I’ve been sitting on this post for a few hours, and am still hesitating to post it because of how easy it would be for someone to think that this post means that beautiful women are inherently unfunny.  In reality, the problem isn’t with funny and beautiful women.  The problem is with us.


Today, Michael Eisner came under fire for his statement on beautiful women who are also funny being hard to find.

From my position, the hardest artist to find is a beautiful, funny woman. By far. They usually—boy am I going to get in trouble, I know this goes online—but usually, unbelievably beautiful women, you being an exception, are not funny.

I’d like to go on the record as agreeing with him.  Do you know why?  Because beautiful women aren’t taken seriously as comediennes.  We are conditioned to see beauty things and beautiful people as something to be revered instead of laughed at.

Let’s take a little trip back to the 1950’s, when Lucille Ball was the top funny woman of the day (and still is one of the top of all time).  I Love Lucy was groundbreaking in so many ways.  The show portrayed an interracial marriage where the wife was very much the equal to her husband.  While Lucy Ricardo would appear to defer to her husband she was conniving and would scheme to get her way.  Never was she truly stupid.  Sometimes she just got caught up in her own tangled web.  Most comedy was based on things not going according to plan.  She was anything but a mild and meek housewife.  This is the Lucille Ball we all know and love:

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Wide-eyed, silly, looking somewhat daft at first glance.  Would we still laugh at her antics if she looked like the Lucille Ball few of us are familiar with?

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By the way, she co-founded and co-owned DesiLu Productions.  Without her, we wouldn’t have Star Trek.  There’s your daily dose of WTF? trivia.

Another popular show of the time was The Honeymooners.  Audrey Meadows, as Alice Kramden, stood up to her blowhard of a husband.  She was a strong, determined, loving woman.  Here is semi-frumpy Alice:

Screen Shot 2015-07-06 at 5.49.26 PMYou can see she’s pretty, but she’s playing frumpy.  Off set, this was Audrey:

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These women had to downplay their beauty to be taken seriously as comediennes.  True, there are some women who’ve been seen as funny without downplaying their beauty:

Marilyn Monroe as Pola Debevoise in How to Marry a Millionaire:

Marilyn Monroe How to Marry a Millionaire 1953

Mary Tyler as Laura Petrie in The Dick Dan Dyke Show:

Mary Tyler Moore as Laura Petrie

Marilyn was expected to play the dumb blonde, despite being highly intelligent in real life, and having a major love of reading and learning.  Mary lucked out, and was allowed to play smart women.

But the unfortunate reality is that funny women have the cards stacked against them in the best of times.  John Belushi straight-up sabotaged women, and wrote sketches for them so unfunny that the chance of them being selected for SNL was nearly nil.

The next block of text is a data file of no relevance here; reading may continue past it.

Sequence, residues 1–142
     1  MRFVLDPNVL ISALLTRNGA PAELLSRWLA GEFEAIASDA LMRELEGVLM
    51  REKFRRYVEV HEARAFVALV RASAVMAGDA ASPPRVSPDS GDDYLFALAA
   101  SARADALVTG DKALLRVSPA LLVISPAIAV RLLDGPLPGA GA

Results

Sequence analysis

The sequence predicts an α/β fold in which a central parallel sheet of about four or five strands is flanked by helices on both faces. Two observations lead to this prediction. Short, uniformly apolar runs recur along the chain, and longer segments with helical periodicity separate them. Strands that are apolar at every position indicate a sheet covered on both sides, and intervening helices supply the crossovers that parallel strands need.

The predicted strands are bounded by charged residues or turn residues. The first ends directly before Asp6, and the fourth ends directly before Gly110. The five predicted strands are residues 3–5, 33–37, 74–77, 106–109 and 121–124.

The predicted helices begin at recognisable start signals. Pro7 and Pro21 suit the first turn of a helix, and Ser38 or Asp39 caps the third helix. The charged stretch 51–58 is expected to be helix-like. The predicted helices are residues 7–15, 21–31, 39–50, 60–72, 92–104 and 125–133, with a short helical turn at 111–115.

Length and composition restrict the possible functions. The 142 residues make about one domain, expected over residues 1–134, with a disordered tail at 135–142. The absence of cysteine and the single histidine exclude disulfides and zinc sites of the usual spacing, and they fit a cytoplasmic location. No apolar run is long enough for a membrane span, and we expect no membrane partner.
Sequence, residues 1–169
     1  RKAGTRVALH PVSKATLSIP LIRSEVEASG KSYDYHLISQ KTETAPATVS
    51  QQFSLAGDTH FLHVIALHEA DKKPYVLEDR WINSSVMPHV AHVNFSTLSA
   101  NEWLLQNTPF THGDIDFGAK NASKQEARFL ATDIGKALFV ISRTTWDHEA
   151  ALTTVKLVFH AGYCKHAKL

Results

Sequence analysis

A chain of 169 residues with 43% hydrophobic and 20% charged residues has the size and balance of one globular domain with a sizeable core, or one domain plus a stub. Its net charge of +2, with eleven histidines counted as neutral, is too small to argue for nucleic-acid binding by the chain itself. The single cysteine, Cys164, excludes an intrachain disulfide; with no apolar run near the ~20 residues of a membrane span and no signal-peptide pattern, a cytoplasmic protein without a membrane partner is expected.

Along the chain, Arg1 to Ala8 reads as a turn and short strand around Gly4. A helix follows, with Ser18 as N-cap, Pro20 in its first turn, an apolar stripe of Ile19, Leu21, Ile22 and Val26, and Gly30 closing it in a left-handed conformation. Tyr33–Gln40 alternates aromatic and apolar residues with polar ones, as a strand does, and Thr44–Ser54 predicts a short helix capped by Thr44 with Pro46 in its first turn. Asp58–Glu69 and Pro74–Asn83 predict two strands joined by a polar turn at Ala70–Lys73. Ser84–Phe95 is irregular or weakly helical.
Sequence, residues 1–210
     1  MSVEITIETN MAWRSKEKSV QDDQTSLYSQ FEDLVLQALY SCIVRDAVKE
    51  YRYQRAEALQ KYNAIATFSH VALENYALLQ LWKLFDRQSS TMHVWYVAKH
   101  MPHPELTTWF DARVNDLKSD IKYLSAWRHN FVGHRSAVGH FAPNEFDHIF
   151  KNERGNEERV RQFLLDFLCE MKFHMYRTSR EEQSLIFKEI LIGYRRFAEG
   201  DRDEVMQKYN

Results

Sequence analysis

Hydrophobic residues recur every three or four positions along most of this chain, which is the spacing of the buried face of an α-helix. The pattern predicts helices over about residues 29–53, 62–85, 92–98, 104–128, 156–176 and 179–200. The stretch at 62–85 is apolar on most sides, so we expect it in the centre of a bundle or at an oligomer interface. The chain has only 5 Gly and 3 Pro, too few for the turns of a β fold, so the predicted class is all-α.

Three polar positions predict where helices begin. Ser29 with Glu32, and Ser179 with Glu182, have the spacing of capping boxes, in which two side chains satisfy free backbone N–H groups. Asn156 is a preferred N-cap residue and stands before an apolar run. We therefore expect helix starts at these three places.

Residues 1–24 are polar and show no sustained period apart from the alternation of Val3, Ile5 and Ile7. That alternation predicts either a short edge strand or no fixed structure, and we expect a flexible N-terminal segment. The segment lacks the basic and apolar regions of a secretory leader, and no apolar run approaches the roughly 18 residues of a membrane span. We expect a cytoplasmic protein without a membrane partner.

Take a look at this list of 30 of the funniest women of all time.

Go on.  Look.  Save me from having to ad a bunch more photos here.

You’ll probably notice that only a few of them are women who are beautiful in the typical sense.  Most are homely or, at best, look like the “girl next door.”  With rare exception, we just plain don’t see women as funny when they look beautiful.

Why is this?  Is it because our modern comedy, in an era when slapstick comedy is a relic of the past, would rather see beautiful women as sex objects, and a women being funny challenges that?  Spoken comedy and stand-up these days are sex jokes and one-person bantering about sex and penises, and in sitcoms, women are either stupid…

Kelly Bundy Peggy Bundy(I openly admit I love Married…With Children)

Angry…

raymond_can-openerOr nerdy…

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Stand-up comediennes are definitely expected to downplay their looks.  Would you believe that this gorgeous woman:

Sarah and Michael Sarah Silverman glamor

…is Sarah Silverman?

Sarah Silverman

Sarah Silverman

Imagine how well her acts would go id she didn’t try to look boyish and crash, and instead delivered her act while looking typically beautiful.

When women in comedy are allowed to be beautiful without being stupid nerdy nags who aren’t supposed to be pretty, it’s a plot device, usually to remind us that they can look pretty, but ha ha, look at the contrast of how their characters are stupid nerdy nags.

When women have an uphill battle to climb to be seen as funny without having to try to make themselves look physically unattractive, why bother trying?

Eisner didn’t say anything sexist.  He merely pointed out how women are given the choice of getting to look beautiful, or being funny.  Since most women want to look the best we can, and downplaying beauty means going against what most of us want (we can thank society, once again, for conditioning us to be embarrassed and apologize if we don’t look perfect), it’s a touch choice.  More value is ultimately placed on beauty.

Until we have more Mary Tyler Moores willing to break more ground by not apologizing for their beauty while going out there and splitting sides with their comedy, this is a problem that can’t be fixed.  But what incentive is there to break that ground when we, as a whole, won’t laugh at beautiful women thanks to life-long conditioning?  Breaking ground in the 50’s was easier when there was less to choose from.

Without a doubt, there are women who are beautiful who can also be funny…but only is beauty is downplayed.  So yes, beautiful funny women are hard to find because, for the most part, society doesn’t allow women to be beautiful and funny at the same time.